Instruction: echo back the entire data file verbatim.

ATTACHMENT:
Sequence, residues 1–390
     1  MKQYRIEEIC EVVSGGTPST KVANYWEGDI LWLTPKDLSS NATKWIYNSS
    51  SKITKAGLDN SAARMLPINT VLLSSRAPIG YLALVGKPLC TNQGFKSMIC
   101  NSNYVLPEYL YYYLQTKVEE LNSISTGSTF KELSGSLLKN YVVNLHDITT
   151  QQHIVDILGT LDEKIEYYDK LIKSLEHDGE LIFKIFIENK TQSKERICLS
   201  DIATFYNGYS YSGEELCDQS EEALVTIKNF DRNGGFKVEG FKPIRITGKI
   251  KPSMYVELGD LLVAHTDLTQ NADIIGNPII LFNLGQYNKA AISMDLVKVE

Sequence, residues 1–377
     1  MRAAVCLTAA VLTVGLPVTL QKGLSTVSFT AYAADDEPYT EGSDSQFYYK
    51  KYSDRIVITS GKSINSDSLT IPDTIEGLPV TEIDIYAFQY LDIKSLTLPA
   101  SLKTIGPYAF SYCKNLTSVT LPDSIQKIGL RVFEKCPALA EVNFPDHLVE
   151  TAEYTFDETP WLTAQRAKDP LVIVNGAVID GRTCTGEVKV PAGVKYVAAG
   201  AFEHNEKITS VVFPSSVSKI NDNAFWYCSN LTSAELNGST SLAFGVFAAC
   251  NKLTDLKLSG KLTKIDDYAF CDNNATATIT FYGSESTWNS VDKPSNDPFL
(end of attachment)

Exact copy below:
Sequence, residues 1–390
     1  MKQYRIEEIC EVVSGGTPST KVANYWEGDI LWLTPKDLSS NATKWIYNSS
    51  SKITKAGLDN SAARMLPINT VLLSSRAPIG YLALVGKPLC TNQGFKSMIC
   101  NSNYVLPEYL YYYLQTKVEE LNSISTGSTF KELSGSLLKN YVVNLHDITT
   151  QQHIVDILGT LDEKIEYYDK LIKSLEHDGE LIFKIFIENK TQSKERICLS
   201  DIATFYNGYS YSGEELCDQS EEALVTIKNF DRNGGFKVEG FKPIRITGKI
   251  KPSMYVELGD LLVAHTDLTQ NADIIGNPII LFNLGQYNKA AISMDLVKVE

Sequence, residues 1–377
     1  MRAAVCLTAA VLTVGLPVTL QKGLSTVSFT AYAADDEPYT EGSDSQFYYK
    51  KYSDRIVITS GKSINSDSLT IPDTIEGLPV TEIDIYAFQY LDIKSLTLPA
   101  SLKTIGPYAF SYCKNLTSVT LPDSIQKIGL RVFEKCPALA EVNFPDHLVE
   151  TAEYTFDETP WLTAQRAKDP LVIVNGAVID GRTCTGEVKV PAGVKYVAAG
   201  AFEHNEKITS VVFPSSVSKI NDNAFWYCSN LTSAELNGST SLAFGVFAAC
   251  NKLTDLKLSG KLTKIDDYAF CDNNATATIT FYGSESTWNS VDKPSNDPFL